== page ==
Famously, Rich has said, “Balance is overrated.”
In his book Finding Ultra, Rich talks about how he struggles with the concept of balance, calling it the “fickle lover he can’t court.”
Like Rich, some people can never just dip their toes into the river to appreciate the water. They feel the need to be fully immersed—with feet on the riverbed—even to feel a connection with the water. Unlike the toe-dippers, these immersionphiles don’t believe in the concept of balance in life. To them, life is all about single-minded devotion to one cause at a time.
To quote Rich Roll again,
The question of balance is not only misplaced, but it’s the wrong question altogether. Instead, let’s ask ourselves, “what makes you feel most alive” and start doing more of that.
Stated like that, of course, balance seems like an imprudent pursuit. So, are we to then drop the mundane in a quest for the exciting? Always?
To balance or not to balance
The Organization for Economic Co-operation and Development (OECD), an intergovernmental economic organization, measures well-being across its thirty-eight member countries and publishes the results in its annual How’s Life study.
The list of factors the OECD considers to determine contentment and welfare is quite exhaustive, including, but not limited to, health, income and wealth, social connections, civic engagement, and work-life balance.
For a nation to score high on the well-being scale, it must score at least an average on all the factors listed above. For instance, well-being cannot be achieved when there is high income but poor work-life balance—the two will simply cancel each other out. Essentially, it’s the same truth that seems to catch high schoolers off-guard in regards to their GPAs—the A in Ceramics will not mask the D in Chem.
The message from the OECD regional well-being study is clear: the more balanced people’s lives are, the greater the nation’s well-being.
So, it’s not really a question of whether we need balance or not—we do, eventually. Rather, it’s about redefining what a balanced life should look like because we seem to have twisted the definition beyond recognition.
The state of “Flow”
Balance was never about being in equilibrium every second of every day. Our need to find steadiness at all times is misguided and can be exhausting.
Even a tight-rope walker has to go in and out of balance to maintain equilibrium.
When you’re in the thick of things or deeply entrenched in solving a problem, you’re essentially in a state of flow, also referred to as being “in the zone.” According to research scientists, it is within the flow state that we experience our deepest satisfaction with life.
At its core, a flow state is the opposite of balance—a single-minded pursuit and deep dive into the subject of interest with utter disregard for anything else. You may skip meals, spin classes, or even showers (hopefully not) because you are immersed in the problem at hand.
Conversely, by their very nature, flow states don’t and can’t last forever. So, the pendulum will swing back eventually to allow you to rediscover balance in life.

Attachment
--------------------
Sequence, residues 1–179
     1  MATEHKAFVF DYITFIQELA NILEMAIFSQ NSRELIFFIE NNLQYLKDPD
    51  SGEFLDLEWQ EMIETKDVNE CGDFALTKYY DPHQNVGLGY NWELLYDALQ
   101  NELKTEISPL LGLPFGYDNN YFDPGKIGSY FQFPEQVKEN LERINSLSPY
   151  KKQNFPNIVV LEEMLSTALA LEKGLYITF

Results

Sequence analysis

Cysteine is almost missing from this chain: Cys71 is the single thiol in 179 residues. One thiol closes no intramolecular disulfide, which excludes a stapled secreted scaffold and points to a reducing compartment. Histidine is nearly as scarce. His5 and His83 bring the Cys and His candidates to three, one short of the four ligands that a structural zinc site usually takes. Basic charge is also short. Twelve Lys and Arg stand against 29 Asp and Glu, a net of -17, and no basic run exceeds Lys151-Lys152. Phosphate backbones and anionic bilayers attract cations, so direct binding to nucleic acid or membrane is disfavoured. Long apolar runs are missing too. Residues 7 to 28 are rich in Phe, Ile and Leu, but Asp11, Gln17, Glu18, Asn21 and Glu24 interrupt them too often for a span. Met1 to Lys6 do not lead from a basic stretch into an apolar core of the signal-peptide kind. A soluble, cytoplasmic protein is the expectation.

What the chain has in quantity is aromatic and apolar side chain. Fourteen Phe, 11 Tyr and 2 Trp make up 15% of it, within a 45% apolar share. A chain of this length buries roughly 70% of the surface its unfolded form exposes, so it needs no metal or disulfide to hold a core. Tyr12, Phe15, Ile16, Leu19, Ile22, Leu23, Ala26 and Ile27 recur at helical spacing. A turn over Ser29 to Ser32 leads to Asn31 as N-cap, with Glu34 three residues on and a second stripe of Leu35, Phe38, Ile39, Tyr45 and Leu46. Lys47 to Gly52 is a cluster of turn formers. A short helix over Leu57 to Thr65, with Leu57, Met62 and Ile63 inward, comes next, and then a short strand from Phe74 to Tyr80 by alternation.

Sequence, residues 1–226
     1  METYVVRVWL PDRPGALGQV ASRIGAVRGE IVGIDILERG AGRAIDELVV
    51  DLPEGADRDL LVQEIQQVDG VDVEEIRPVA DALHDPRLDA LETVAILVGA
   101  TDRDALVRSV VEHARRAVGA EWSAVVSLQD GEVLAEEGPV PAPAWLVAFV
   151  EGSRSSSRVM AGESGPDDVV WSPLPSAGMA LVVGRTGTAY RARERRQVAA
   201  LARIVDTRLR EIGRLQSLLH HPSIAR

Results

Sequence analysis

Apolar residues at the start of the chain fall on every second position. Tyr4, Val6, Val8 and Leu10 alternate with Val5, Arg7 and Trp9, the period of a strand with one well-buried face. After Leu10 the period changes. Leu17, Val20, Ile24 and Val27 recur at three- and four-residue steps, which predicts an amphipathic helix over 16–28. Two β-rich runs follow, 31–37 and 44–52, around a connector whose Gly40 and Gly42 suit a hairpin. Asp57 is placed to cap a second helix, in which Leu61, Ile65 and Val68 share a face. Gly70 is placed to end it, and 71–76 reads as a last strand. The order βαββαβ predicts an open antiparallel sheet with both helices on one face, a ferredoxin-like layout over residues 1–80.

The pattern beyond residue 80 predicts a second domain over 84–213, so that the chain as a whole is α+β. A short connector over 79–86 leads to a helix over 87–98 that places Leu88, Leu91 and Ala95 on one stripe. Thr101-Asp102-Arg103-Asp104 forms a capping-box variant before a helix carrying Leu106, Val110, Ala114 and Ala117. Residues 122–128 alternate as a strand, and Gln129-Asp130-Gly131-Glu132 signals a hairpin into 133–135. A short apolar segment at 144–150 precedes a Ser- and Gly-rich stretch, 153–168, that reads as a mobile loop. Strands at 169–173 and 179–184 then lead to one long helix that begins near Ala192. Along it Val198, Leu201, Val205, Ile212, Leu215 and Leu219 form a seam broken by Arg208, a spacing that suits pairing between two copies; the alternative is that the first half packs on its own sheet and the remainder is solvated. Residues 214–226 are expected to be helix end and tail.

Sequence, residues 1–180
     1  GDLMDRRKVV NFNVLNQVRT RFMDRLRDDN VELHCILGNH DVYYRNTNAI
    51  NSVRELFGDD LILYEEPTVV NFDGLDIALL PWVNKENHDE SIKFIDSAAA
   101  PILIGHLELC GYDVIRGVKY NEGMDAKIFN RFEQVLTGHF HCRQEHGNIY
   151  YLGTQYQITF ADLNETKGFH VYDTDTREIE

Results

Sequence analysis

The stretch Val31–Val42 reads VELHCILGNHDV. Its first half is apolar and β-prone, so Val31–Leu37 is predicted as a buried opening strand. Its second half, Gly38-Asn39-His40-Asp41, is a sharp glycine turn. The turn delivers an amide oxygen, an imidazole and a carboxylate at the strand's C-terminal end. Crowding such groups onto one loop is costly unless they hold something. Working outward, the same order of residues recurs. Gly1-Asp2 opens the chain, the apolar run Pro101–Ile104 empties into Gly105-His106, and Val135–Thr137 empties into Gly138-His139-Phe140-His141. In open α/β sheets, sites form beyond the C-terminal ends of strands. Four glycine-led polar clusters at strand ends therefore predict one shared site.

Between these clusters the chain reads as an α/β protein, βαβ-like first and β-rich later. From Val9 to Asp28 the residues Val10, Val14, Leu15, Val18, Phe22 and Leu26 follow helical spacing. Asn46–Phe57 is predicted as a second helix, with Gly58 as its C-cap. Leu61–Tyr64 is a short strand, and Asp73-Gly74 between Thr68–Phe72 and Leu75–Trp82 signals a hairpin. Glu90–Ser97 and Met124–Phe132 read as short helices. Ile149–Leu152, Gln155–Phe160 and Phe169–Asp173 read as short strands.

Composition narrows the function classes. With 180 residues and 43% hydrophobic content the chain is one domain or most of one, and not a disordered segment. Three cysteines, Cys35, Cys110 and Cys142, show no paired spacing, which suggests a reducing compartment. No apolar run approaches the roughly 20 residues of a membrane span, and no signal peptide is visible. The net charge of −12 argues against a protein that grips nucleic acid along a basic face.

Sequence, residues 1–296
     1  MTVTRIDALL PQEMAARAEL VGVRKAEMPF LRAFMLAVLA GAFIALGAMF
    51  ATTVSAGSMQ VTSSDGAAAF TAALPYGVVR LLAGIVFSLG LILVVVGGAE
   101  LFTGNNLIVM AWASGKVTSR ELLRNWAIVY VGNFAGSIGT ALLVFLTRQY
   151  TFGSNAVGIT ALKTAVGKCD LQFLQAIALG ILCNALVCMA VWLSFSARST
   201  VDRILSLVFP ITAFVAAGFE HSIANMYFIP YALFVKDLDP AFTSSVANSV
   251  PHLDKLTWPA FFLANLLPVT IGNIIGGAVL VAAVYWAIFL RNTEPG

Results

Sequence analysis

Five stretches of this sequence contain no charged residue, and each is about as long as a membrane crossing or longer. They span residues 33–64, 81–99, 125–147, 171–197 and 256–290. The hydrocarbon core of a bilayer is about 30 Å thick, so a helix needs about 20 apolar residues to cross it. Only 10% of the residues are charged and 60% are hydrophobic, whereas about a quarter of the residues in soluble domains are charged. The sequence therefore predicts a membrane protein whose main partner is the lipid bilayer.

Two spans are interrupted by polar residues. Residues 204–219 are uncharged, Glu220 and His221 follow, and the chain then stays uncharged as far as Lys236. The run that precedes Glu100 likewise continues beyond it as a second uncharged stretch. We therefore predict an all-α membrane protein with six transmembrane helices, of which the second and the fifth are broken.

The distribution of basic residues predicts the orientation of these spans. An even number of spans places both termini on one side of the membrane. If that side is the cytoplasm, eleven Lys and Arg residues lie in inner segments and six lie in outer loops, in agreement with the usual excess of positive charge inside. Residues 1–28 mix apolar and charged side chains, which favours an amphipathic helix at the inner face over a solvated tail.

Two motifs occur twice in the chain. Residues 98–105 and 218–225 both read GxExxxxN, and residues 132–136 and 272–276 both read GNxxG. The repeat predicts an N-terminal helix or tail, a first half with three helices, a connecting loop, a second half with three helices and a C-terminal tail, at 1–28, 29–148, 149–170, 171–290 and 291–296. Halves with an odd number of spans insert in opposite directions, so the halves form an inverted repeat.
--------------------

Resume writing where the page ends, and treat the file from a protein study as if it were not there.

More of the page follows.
But what if the pendulum gets stuck and doesn’t swing back to balance?
“Flow” or simply lost?
How can you know if your life is out of balance, not because you are in “the zone” but because you are lost, or worse, running away from doing hard things?
Constantly feeling exhausted, overwhelmed, or guilty is a strong cue that you are not in a state of flow but are, in fact, lost.
There’s a difference between stepping outside your comfort zone and being completely in over your head. Both require courage, albeit different types.
When you step outside your comfort zone, you need the courage to overcome the fear of the unknown, but when you are out in limbo, clueless, or in denial, you need the courage and self-awareness to course-correct. That requires a degree of introspection.
Deciphering and then admitting to yourself that you are feeling feelings is tough. Just ask Michael Bloomberg.
Despite his earlier insistence that he would never return to that part of his life, eight months after his stint as mayor of New York, Michael Bloomberg retook his job as CEO at the hugely successful financial and media namesake company he had built.
When asked why the 180, Bloomberg quipped,
Because the alternative was staying home and talking to Diana (his partner) about feelings.
The unwritten rules to live a fully balanced every second of every day can drive the most grounded of us crazy. Messages such as “leave work at work,” while well-intentioned, only serve to create an extra layer of overwhelm and pressure in our lives.
It’s certainly not a good idea to keep answering your work emails while at your daughter’s basketball game. But it’s okay to permit yourself to check emails over the occasional weekend when there’s a crisis at work. Without guilt.
Perfect balance in life is a mirage. The happiest people on earth are the ones who are in the Goldilocks zone, rocking back and forth between states of flow and balance.
Everything in moderation. Including moderation. Oscar Wilde